The Global Slavery Index also tracks government actions and responses to modern slavery. Of the 161 countries assessed, 124 have criminalised human trafficking in line with the UN Trafficking Protocol, and 96 have developed national action plans to co-ordinate government response. The governments leading the charge against modern slavery are The Netherlands, the United States of America, the United Kingdom, Sweden, Australia, Portugal, Croatia, Spain, Belgium and Norway.
Pope Francis Mission Intention for June
"That seminarians and men and women entering Religious Life may have mentors who live the joy of the Gospel and prepare them wisely for their mission." Let us Pray.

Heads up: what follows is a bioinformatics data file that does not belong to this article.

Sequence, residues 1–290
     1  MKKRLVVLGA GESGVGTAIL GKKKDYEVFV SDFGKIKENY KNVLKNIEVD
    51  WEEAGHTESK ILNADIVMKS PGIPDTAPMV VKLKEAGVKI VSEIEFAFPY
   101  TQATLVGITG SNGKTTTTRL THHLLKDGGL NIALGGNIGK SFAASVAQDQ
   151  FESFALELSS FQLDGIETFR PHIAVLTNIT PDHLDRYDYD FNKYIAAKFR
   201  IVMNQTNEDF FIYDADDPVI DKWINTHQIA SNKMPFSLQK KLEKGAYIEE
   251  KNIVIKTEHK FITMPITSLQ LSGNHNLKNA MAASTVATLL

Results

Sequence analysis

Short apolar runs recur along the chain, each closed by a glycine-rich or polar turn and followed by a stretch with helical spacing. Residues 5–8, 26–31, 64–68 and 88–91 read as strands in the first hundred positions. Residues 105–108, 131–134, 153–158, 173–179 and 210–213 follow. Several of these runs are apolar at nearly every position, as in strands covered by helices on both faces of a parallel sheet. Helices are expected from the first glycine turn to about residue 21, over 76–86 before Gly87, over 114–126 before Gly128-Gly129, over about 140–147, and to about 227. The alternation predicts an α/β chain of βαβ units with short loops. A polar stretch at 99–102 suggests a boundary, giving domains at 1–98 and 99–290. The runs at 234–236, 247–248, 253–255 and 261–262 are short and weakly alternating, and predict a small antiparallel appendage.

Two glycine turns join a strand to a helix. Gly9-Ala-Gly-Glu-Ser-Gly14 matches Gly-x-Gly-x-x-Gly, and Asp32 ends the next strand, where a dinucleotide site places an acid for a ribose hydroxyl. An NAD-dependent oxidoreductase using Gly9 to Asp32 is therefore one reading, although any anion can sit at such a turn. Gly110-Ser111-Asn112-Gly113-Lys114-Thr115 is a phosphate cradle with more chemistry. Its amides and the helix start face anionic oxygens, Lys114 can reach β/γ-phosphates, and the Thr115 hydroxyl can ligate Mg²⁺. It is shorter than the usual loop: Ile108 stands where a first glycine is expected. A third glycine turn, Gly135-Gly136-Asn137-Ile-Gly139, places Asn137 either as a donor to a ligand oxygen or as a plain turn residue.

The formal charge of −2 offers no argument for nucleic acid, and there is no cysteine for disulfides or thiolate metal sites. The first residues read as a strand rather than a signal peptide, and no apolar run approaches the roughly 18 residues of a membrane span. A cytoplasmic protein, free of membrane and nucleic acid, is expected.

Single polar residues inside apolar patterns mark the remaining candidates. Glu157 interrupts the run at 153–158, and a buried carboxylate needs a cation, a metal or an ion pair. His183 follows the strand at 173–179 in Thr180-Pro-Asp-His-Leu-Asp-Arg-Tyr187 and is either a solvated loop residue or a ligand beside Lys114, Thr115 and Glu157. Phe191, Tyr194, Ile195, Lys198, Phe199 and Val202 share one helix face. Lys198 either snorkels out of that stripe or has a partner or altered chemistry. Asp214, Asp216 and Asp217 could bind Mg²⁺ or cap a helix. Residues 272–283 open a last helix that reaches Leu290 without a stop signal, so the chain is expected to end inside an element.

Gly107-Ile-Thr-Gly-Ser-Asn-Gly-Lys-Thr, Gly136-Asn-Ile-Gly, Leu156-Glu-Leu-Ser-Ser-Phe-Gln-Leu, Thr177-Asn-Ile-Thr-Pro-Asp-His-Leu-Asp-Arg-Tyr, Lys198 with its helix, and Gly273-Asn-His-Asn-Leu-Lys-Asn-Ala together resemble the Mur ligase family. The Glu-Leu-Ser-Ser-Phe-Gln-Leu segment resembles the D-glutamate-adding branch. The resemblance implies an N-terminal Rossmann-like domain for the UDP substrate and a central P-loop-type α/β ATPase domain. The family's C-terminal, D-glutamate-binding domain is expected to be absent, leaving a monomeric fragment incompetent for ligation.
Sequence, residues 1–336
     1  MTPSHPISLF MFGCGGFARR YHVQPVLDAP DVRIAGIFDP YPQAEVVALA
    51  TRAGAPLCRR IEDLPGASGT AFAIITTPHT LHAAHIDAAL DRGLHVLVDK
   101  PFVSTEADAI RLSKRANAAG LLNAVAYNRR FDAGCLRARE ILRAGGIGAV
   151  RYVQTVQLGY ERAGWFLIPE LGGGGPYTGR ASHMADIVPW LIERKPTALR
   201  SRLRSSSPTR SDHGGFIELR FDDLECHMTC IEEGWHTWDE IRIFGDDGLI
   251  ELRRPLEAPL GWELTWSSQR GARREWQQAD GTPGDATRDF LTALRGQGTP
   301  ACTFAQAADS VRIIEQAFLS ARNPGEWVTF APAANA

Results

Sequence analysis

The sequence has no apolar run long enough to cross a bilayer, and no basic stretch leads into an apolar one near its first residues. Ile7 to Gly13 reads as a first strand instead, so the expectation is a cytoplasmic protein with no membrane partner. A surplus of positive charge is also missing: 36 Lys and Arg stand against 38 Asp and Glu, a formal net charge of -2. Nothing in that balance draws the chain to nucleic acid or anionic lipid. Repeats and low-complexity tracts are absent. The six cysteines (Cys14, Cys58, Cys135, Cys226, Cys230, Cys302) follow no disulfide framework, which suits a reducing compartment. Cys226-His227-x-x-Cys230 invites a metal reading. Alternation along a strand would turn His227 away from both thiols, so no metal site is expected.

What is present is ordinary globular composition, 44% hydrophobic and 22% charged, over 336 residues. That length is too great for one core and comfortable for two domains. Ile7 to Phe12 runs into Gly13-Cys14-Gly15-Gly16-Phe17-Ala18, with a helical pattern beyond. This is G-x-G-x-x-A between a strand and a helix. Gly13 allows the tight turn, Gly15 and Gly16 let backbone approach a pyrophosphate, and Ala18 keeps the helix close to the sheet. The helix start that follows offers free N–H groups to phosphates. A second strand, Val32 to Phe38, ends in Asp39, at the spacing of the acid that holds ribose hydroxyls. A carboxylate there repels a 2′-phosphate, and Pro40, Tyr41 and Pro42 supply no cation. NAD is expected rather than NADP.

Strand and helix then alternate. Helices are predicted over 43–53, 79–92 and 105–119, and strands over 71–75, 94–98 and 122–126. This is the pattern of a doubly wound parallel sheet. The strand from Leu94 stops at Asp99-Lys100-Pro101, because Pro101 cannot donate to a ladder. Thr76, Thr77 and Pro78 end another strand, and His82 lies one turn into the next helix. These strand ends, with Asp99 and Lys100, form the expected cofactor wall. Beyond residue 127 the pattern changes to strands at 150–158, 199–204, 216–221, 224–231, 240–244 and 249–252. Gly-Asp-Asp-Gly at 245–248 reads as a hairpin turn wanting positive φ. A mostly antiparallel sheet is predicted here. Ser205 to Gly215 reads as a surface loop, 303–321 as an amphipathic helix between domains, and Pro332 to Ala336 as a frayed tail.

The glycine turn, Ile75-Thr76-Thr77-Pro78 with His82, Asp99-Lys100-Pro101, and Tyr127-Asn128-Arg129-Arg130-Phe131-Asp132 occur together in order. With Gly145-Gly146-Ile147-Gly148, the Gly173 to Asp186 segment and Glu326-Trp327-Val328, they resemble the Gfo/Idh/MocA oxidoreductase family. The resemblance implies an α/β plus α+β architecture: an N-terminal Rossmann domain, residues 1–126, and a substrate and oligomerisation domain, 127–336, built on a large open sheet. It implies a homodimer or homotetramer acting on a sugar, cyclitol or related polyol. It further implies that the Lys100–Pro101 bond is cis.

As followers of Christ we are all called to be missionaries. Pope Francis wrote that "if every baptized person is called to bear witness to the Lord Jesus by proclaiming the faith received as a gift, this is especially so for each consecrated man and woman. Since Christ's entire existence had a missionary character, so too, all those who follow him closely must possess this missionary quality" (World Mission Day Message, 2015).
He went on: "Mission is a passion for Jesus. When we pray before Jesus crucified, we see the depth of his love. At the same time, we realize that the love flowing from Jesus' pierced heart expands to embrace the People of God and all humanity."
Those who have experienced the deep love of the Heart of Jesus and give themselves totally to God's service as priests and religious sisters and brothers-these consecrated ones are called to share his passion for mission. They cannot keep the Good News of God's love to themselves. But they need preparation so that their initial experience of God's love may grow and so that they will know the best ways to share that love.